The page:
Is it even really possible?

The answer is yes. It begins by allowing your own opinions and ideas to be disagreed with…

…and not turning into Fidel Castro in response.

Escape Your Echo Chamber

A few weeks ago, I told you the story of my friend Alex and his counterpart who, since December, have been locked into an epic, sprawling email-debate on politics, religion and morality. It all started with a single message. Neither guy can persuade the other, and it’s as if they’ve given up trying.

So why are they still doing it?

I can only speculate, but it seems as though each guy is finding value in allowing disagreement into their portfolio of ideas and opinions.

This is a lot easier said than done nowadays. In a divided time, it’s rare to have political debates governed in civil ways. Places like Facebook have become more like divisive battlegrounds. Expressing an opinion, especially of a political kind, opens the door to bombarding disagreements, misunderstandings, or outright trolling.

What do most of us tend to do?

We block disagreements. We shun opinions we don’t believe in. We un-friend people who can’t seem to stop plastering their opinions on social media, unsubscribe from newsletters, turn off podcasts and effectively silo ourselves into convenient little echo chambers that reinforce our beliefs, opinions and ideas.

Who, really, can be blamed for that kind of reaction? 

And what is wrong with it? 

The problematic risk, the unforeseen consequence, is this:

The diversity in our “portfolio of ideas and opinions” becomes more like the Zafra — a singular point of view, an all-in bet on what we already believe “works” and “is right.”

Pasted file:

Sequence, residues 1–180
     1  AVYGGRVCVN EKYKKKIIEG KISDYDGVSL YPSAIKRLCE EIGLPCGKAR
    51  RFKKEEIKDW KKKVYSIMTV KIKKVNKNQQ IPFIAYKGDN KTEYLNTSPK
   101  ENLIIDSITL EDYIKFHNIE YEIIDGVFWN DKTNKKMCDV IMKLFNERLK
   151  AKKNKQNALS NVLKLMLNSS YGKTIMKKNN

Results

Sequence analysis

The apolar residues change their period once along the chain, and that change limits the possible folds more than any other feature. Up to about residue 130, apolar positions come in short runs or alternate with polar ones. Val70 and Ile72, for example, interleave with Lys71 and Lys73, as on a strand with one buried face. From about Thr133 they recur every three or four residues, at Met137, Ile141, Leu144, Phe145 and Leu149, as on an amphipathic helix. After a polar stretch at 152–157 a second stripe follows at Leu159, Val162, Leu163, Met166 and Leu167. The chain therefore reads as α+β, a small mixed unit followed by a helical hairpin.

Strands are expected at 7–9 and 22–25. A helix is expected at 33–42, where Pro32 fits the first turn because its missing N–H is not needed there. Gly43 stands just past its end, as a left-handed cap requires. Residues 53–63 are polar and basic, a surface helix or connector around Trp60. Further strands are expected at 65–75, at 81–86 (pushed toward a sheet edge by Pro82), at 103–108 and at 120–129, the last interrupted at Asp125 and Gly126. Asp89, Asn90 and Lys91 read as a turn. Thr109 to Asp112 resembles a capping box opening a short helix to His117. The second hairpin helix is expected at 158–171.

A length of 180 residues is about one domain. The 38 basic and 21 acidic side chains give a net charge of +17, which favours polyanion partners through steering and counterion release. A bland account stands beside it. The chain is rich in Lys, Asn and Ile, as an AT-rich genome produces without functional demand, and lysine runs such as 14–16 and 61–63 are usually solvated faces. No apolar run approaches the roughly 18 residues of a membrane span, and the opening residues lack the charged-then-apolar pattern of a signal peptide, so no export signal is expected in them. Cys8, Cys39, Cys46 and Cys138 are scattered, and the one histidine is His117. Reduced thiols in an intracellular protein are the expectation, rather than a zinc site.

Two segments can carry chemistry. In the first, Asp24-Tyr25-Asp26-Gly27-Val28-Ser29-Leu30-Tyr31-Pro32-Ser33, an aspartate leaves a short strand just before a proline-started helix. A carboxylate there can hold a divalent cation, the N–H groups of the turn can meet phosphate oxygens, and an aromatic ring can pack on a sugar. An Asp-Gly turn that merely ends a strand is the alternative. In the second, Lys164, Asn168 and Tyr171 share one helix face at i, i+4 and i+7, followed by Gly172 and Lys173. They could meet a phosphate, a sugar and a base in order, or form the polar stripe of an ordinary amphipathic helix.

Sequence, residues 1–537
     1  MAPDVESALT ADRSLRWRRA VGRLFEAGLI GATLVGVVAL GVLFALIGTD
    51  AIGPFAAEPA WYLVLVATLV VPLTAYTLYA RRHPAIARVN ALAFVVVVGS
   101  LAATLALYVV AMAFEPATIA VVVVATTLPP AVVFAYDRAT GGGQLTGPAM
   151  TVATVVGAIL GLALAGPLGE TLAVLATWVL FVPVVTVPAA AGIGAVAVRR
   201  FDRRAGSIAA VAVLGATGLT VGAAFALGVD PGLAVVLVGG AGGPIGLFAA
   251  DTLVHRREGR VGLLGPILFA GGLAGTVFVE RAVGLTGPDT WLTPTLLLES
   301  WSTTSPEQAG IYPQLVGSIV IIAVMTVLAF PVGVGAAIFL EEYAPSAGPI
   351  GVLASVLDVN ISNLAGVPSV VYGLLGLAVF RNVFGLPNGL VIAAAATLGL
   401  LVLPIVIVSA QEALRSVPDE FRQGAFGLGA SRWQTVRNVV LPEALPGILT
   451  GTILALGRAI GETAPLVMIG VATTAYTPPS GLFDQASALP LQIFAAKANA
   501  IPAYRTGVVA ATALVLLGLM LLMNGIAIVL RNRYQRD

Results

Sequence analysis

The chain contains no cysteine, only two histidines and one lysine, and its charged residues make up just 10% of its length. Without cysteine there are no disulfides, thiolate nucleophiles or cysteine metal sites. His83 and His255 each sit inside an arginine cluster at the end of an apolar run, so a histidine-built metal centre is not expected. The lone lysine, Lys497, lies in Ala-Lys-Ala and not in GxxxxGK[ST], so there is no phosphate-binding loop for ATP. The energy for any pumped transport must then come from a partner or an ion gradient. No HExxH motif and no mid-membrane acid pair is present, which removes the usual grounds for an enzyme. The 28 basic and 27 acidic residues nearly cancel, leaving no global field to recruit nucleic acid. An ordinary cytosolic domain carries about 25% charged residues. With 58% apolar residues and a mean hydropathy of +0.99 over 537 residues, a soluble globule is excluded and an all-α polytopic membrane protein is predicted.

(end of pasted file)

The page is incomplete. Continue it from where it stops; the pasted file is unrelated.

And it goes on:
Living in an echo chamber of one’s own beliefs and ideas falsely reinforces a notion that everyone everywhere already agrees with us. If we’re never exposed to opposing points of view, we’re never challenged to defend what we believe.

And if we’re never challenged to question our own beliefs, are they really “ours,” at all?

Do we own them if we have not chosen them – if we have not doubted them?

Or do those beliefs actually own us?

Why do you believe what you believe?

Is the best defense to be mustered, “Well, because!”?

As a former politically-rabid dude in my younger years, you don’t need to tell me: when disagreements seem so angry all the time, it’s almost impossible for disagreement to feel anything but personal. It feels totally assaulting.

And I’m not suggesting you join your local debate club, or take your mother-in-law to task on her voting record, or start to verbally battle folks in Facebook debates.

I want to gently challenge you (as I try to challenge myself) to let some outside opinions into your world — particularly when you feel the space, comfort, and inner strength to entertain them, consider them, ponder them, and sit with them.

Here are three simple ways you might allow some disagreement into your own world.

And, in totally non-confrontational ways:

If disagreement breeds empathy or compassion or understanding – however small an amount– then disagreement is no longer the stuff that sets us apart. If we can understand the other’s point of view, somehow, then disagreements of opinion can genuinely be what keep us together.

Even if disagreement is the outcome, we ought to at least be able to come to some form of understanding for the other’s point of view – and empathize with their human need, their human desire.

In certain fields, disagreements breed evolution, innovation, and creative solutions.

In our everyday lives, disagreements are opportunities to cultivate empathy, compassion and understanding.

If the outcome means we’re less siloed off from one another, we all win.